As the saying goes, "The more things change, the more they stay the same."
Nowhere has this been more true than with the New England Patriots secondary, where a revolving door of cornerbacks and safeties have been shuffled through each position over the course of the last four years.
Invariably, the results were always the same; they gave up a lot of yards, forced a lot of turnovers and ultimately just weren't good enough to bring home another Lombardi Trophy.
But with Aqib Talib and Kyle Arrington re-signing, it looks like the Patriots will finally have some continuity for the back end of their defense, and instead of searching for who can play where, they can build off of the strides they made in 2012.
While it's incredibly hard to track, since injuries in the secondary are all too common, the Patriots will enter 2013 with the potential of starting the same secondary they ended the previous season with for the first time since 2007.
This doesn't mean it will be the same secondary that starts; second-year safety Tavon Wilson and newcomer Adrian Wilson will compete with Steve Gregory, and one will likely supplant him. There's also Alfonzo Dennard's sentencing that could make him unavailable for an unknown length of time, though speculation is that he should avoid extended jail time, if any.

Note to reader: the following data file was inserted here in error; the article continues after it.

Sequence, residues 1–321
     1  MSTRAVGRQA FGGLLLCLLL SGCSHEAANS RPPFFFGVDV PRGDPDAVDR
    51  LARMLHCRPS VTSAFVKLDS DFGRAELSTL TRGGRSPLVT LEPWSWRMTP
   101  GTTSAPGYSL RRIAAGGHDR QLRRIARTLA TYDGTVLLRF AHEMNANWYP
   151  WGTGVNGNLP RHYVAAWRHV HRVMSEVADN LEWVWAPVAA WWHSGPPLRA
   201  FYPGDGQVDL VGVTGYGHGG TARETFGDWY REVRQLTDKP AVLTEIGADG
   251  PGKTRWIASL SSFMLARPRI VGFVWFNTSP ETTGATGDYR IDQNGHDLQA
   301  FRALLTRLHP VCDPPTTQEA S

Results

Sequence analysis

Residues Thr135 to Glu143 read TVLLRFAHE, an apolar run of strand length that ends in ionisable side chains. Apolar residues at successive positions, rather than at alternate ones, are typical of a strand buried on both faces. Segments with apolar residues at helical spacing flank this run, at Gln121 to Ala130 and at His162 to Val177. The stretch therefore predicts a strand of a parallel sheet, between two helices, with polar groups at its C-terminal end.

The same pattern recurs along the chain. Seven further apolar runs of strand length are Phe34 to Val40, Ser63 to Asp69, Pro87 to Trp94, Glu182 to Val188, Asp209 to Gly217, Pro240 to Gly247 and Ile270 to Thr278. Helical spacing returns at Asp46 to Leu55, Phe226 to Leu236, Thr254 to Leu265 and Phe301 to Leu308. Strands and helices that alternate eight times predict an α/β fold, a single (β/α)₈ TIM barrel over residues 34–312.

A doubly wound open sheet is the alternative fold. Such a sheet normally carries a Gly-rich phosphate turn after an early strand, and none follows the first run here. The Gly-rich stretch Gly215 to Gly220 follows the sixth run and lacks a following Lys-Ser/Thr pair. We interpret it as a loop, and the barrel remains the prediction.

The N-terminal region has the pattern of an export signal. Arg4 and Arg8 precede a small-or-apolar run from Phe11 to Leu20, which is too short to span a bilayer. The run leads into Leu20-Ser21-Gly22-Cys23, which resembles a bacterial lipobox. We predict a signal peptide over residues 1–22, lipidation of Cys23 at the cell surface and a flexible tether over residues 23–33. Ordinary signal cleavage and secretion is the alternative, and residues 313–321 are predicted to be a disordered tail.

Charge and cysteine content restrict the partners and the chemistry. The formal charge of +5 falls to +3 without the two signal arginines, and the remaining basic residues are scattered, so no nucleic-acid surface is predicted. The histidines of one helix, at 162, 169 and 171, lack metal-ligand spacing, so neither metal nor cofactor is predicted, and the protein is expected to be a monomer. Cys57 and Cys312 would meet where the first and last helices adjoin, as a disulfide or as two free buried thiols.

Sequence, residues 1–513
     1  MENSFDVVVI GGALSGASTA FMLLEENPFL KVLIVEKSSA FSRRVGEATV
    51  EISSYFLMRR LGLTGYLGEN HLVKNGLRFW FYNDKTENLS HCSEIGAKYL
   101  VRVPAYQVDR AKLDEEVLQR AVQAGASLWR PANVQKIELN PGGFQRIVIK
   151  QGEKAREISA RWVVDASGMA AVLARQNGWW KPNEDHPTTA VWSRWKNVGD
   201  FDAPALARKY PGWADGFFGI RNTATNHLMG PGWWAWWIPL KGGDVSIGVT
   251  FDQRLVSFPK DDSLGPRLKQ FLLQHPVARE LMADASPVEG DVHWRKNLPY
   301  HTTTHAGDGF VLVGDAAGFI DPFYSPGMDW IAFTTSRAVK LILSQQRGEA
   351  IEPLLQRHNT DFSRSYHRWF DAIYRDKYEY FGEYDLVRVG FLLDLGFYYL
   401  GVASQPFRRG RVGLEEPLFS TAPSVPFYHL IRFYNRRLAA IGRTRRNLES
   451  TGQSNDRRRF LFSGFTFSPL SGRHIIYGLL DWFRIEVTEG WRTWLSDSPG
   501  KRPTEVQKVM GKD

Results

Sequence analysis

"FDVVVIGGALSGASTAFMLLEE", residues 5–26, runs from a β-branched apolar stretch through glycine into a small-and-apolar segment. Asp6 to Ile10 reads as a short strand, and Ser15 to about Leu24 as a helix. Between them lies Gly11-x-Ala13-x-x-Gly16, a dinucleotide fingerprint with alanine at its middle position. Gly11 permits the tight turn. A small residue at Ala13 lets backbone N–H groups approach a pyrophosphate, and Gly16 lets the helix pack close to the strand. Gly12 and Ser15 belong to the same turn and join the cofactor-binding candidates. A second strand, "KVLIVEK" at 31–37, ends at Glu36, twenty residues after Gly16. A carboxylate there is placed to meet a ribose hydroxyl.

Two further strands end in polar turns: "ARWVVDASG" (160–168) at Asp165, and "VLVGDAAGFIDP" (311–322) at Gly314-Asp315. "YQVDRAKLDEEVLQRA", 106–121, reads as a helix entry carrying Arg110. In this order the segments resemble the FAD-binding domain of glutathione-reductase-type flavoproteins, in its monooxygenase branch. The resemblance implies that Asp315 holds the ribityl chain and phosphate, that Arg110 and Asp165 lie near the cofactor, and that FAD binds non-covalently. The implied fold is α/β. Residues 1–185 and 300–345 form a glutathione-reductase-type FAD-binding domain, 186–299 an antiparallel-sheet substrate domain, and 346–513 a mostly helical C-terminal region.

However, who wins the position battles is not what matters.
The competition should be fierce, and ultimately propel the starters to a high level of performance, and that is what matters. For the first time in over five seasons, the Patriots have a returning secondary that won't have to start from ground zero yet again.
At safety, the Patriots now feature three players who have started for them, along with a fourth who is a five-time Pro Bowler. At cornerback, they have Dennard and Talib, their starters from the AFC Championship, along with Kyle Arrington who has started over 40 games over the last three seasons. 2011 second-round pick Ras-I Dowling could be in the mix to contribute as well.
The Patriots pass defense has been much maligned over the last three seasons, but the second half of the 2012 season was the first glimmer of hope since 2009. Once Talib arrived, Dennard began starting and McCourty moved full time to safety, the Patriots defense was markedly better.
From Aaron Schatz of Football Outsiders:
With Dennard and Talib starting, the Pats could move Kyle Arrington to the slot, where he fits much better, and use McCourty strictly at safety. With that lineup, the Pats went from the 31st best pass defense in the league by DVOA to the 15th best pass defense.
In 2013, the Patriots will have that lineup as their baseline, and with the level of familiarity already established, their play should only continue to improve. Add in a talented rookie or additional free agent and the Patriots pass defense could be headed toward the top 10 in the NFL.
Fans often think the only way to make a team better is to add better personnel, but in cases like this, especially in a cerebral system like the Patriots' that are based on communication, simply keeping the same pieces in place can have a significant impact.
Maybe this year a lack of change will make all the difference.